After a year or two in Portugal, I was surprised to find out that almost every Portuguese family has a housekeeper who does the cleaning and other household chores. It surprised me because, at that time, I was well aware of the level of Portuguese salaries. Knowing they are relatively small did not correspond to the fact that many families have a person who does the cleaning and other tasks for money. A housekeeper even comes to those apartments where 3-6 people rent rooms at once, which is widespread in Lisbon. That is, a person does not have the money to rent a separate apartment; they rent a room but do not clean it themselves because you can hire a professional to do it.
What does this tell us about the Portuguese? I think it's a good thing because they know how to delegate work they don't want to do. Why mop the floors and do the cleaning at the weekend when you can trust a hired professional to do it while you rest or spend time with your family? Of course, someone will say this is just lazy and absurd, especially when you do not earn much money. Still, I suppose this is a very clever approach because, as a result, a person does not waste their energy and free time on (frankly) not very pleasant tasks. Maybe many Portuguese don't know this word, but I think most of them are great hedonists, and their philosophy is about pleasure. Well, I support them in this. Keep it up!
Fact 3: Lack of news and global life changes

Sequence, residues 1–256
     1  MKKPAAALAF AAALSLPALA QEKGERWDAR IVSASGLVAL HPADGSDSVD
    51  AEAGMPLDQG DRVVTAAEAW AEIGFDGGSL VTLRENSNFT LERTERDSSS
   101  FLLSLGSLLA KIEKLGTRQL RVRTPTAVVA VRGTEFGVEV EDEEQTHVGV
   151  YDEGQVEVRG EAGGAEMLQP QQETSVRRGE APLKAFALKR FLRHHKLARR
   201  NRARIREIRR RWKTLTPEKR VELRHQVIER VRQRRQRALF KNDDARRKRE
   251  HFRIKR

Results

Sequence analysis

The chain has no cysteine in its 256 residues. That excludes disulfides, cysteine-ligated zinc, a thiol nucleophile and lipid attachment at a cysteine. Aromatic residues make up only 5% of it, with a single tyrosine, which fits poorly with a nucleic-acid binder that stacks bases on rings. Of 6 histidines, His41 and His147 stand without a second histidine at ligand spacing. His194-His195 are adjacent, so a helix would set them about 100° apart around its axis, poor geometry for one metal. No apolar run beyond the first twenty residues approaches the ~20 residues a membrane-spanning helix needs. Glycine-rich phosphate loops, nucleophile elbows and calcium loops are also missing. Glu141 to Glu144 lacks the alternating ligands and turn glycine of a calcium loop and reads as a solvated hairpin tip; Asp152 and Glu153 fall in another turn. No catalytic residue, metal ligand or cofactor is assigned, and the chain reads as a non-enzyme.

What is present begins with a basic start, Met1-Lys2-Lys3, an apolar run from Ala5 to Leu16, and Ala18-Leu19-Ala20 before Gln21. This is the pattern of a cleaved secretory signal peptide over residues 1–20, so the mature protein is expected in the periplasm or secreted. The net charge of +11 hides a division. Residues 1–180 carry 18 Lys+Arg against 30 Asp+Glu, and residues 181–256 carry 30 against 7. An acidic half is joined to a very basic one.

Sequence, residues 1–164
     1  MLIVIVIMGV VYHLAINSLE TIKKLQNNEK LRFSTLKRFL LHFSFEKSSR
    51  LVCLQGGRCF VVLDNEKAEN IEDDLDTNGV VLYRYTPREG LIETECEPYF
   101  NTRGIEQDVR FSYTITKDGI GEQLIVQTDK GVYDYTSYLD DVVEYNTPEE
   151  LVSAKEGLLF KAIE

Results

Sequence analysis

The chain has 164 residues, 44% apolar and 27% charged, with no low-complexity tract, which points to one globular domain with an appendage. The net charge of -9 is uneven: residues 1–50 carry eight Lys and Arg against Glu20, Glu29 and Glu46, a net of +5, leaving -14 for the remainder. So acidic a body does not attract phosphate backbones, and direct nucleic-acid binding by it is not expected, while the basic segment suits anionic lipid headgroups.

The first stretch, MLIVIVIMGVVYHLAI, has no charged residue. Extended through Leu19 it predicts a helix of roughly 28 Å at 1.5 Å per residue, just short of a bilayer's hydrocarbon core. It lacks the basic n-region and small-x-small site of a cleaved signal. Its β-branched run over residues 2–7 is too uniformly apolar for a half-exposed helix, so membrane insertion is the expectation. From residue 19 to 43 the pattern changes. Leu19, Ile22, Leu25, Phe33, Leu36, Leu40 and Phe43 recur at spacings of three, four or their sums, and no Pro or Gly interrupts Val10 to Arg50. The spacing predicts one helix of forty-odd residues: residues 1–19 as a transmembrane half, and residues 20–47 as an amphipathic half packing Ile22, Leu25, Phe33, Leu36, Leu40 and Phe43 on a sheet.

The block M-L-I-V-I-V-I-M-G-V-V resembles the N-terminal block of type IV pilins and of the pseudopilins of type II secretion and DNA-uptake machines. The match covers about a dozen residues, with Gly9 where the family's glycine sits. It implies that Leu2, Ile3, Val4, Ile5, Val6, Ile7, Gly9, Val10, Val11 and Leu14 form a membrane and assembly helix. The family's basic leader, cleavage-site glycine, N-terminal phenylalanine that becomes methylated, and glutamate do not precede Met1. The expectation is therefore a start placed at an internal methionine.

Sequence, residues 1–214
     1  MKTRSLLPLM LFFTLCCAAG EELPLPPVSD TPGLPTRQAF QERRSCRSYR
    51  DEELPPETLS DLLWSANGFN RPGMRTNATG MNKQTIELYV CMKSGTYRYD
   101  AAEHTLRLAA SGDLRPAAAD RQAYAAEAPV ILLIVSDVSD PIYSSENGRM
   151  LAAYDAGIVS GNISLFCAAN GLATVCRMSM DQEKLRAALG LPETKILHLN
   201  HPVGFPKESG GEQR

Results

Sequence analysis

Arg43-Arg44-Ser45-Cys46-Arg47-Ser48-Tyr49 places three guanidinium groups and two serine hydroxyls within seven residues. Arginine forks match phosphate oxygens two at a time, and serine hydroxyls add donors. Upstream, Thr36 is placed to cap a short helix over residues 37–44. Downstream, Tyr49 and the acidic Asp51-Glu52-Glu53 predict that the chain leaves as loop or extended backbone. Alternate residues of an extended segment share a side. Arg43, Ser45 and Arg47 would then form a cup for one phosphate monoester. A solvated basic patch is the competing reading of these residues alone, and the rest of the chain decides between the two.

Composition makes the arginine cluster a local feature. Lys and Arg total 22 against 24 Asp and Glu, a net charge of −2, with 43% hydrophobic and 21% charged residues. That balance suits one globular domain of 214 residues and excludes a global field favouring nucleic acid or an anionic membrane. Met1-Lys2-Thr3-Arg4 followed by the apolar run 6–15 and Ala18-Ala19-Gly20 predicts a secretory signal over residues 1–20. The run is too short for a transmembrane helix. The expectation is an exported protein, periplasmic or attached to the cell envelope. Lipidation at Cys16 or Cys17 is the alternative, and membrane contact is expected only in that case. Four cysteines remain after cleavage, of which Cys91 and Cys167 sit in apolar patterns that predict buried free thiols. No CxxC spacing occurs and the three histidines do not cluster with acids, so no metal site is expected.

I'm not a fan of watching TV, but I've had to do it for years when colleagues would watch the news during lunch breaks at the companies where I worked. At first, I couldn't believe my ears. There were disturbing stories like the one about a father who had raped his daughter in some village, or someone had set up a camera in some little fitness club and filmed girls changing clothes. Such kind of news was broadcast on the main channels for several days in a row. The biggest news stories were the forest fires and the coronavirus from 2020, but for the most part, the news summary looks like a collection of minor crime stories. Why show this on the main channels, and what significance does it have for the country? At first, I couldn't understand it, but then my colleagues suggested that there was simply no other news in the country. Sending rockets into space, explosions in the subway, the collapse of the stock exchange, and great inventions are all over the channels in other countries. Portugal is a small country, and its news is correspondingly small. It applies not only to the state level but also to the personal lives of the Portuguese themselves. While the average resident of London or Madrid goes abroad on vacation and visits concerts of world-famous artists at the weekend, most Portuguese have neither the means nor the desire to travel, so they spend their vacation somewhere in the Algarve or simply at home. And there are few concerts or other world events in Portugal, apart from soccer and summer festivals, which take place in the country in great numbers during the summer. And then what do the Portuguese discuss, you ask? Everyday things and other people. During my lunch break, I silently observed as some discussed the boss's new girlfriend, someone else was talking about the neighbor who parked in the wrong place, and others about a wedding or a soccer game. In my first years in the country, I considered this fact negative, associated with gossip and cowardice. However, now I understand that it happens because both in the country and in people's lives there is often nothing more exciting than a wedding or the final match of your favorite team. And something needs to be discussed, so you just have to understand and accept that fact.